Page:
Greeting Bill, I just ran across your post as I was searching about Google Local Searches and your post was listed. I have a question for you. When setting your business up as a local search is there anyway to get an address that is yours? the situation is that there was a different business at our address and we want to be able to have the proper address for our business. Thank you for any insights you might have.
Have you actualy tried to verify your business as being at that address, and report that the business that was previously at that address is now closed? Those are probably the first steps I would take. I’d also recommend taking other steps on the Web to claim the address there, like making sure it is properly listed on telecom directories, business profiles for many sites, and so on.
If you have trouble verifying your address at Google Local, and removing the business that is no longer there, I would recommend pursuing it in Google’s help forum for Places:
I’ve honed my SEO skills very well, enough that Local Businesses have been contacting me for help through people they know that knows me etc. Anyway, now that I’m getting more into “Local SEO”, this is stuff that helps bunches and bunches!
My chin dropped when I read your reply to my comment. You said, “…thereâ€™s something really enjoyable about learning that youâ€™ve cause a phone to start ringing more frequently…”
I wonder if you’ve read some of my comments in other places before, or do we just think alike because that is soooo True! I love it when a client says “Hey! I’m getting phone calls from my website for the first time!”
Yup! That is a good feeling! 😉
Local search does have its own unique challenges and approaches, and it can be just as challenging as other aspects of SEO, especially in highly competitive areas and markets, but there’s something really enjoyable about learning that you’ve cause a phone to start ringing more frequently, or more visitors to walk through the doors into a shop or office. Good to hear that this post is helping.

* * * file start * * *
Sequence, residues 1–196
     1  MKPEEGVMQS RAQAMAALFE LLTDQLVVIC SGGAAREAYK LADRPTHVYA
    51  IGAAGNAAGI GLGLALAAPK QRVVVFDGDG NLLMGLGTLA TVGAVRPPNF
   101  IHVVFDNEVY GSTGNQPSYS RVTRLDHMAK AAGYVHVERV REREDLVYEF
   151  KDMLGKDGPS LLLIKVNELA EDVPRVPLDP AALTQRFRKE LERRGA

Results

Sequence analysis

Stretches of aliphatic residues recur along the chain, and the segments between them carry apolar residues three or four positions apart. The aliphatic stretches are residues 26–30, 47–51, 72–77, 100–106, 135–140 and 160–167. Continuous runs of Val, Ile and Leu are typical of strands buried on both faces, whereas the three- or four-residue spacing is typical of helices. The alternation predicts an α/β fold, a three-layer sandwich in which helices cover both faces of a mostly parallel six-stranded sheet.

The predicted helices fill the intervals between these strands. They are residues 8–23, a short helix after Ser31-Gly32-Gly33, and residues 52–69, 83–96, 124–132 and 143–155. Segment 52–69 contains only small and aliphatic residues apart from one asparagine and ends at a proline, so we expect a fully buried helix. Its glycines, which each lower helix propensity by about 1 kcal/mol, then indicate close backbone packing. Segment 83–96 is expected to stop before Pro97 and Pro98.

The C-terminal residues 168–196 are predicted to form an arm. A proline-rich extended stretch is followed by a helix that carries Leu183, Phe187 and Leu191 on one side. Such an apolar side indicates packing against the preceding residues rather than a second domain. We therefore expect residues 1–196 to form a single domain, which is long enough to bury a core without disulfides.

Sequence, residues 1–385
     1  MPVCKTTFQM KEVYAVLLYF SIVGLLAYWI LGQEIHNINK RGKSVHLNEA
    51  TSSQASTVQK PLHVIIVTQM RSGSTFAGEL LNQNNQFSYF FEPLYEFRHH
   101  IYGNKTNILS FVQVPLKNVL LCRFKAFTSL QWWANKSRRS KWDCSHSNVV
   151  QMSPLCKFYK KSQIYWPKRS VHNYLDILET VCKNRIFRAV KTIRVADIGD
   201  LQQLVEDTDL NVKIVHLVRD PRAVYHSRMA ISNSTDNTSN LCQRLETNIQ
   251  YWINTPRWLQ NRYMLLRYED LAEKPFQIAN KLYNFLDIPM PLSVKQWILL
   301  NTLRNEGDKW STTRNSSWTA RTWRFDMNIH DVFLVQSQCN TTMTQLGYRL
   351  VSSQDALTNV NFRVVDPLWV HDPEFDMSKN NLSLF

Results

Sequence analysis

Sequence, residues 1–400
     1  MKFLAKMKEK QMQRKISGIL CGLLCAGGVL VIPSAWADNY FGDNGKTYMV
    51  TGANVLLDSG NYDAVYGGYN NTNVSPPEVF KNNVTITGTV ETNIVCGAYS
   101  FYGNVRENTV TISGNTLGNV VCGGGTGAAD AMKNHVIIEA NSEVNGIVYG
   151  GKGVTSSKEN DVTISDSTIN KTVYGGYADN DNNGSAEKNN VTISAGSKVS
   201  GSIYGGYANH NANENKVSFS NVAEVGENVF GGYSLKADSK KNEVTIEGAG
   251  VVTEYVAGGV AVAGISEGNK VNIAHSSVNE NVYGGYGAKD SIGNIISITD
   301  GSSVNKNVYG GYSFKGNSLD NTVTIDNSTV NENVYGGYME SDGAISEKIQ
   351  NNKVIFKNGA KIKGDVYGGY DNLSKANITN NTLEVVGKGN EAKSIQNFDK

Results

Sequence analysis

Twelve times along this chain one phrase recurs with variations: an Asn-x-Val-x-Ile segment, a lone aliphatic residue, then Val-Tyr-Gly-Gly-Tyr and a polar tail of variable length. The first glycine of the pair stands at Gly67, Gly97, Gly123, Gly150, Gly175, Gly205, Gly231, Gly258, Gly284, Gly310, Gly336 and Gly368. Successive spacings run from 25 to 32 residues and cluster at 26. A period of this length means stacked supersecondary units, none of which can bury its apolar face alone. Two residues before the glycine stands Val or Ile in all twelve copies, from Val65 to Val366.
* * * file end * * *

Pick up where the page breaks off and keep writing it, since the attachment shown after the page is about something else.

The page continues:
I guess we both enjoy that a lot. When you do local for SEO for someone, and they move into higher rankings for local search, and call you and tell you that their phone is ringing 3X as much as it normally has in the past, that really is a great feeling.
I am a Licensed Professional Counselor who has 15 years experience in small business marketing. In April 2011 I opened my own Private Practice so obviously my business is very new. However, I know nothing about marketing my small business “online!”
Lucky for me I met and became friends with a young Man, Gary, a couple years ago who is helping me to get my local business / private practice website ranked on page-1 of Google in our local area, and he’s not charging me. Lucky me! In fact, I’m on his Laptop writing this comment per his “teaching me how to do this stuff”. I hope you don’t mind that I comment here. He showed me this site because you teach good stuff about local business seo and that “It’s All Greek To Me” type of stuff 😉
Gary says he’s been reading a lot of blogs that have helped him improve my sites ranking from Page-15 (yes, “page” not “position” 15!) to page one including reading this / your blog, seobythesea. I would like to extend folks like you guys much gratitude!
Gary is showing me how and why it is good to read, learn and comment on relevant blogs, so I hope you don’t mind!
I will be looking forward to reading and learning more local searching stuff and information here.
Good to hear that you’re getting help from someone who has an idea of what they are doing. Happy to learn that Gary is getting a lot out of my blog as well. It’s people like Gary, who are reaching out to the people in their communities and helping them that increases the visibility and popularity of the SEO industry.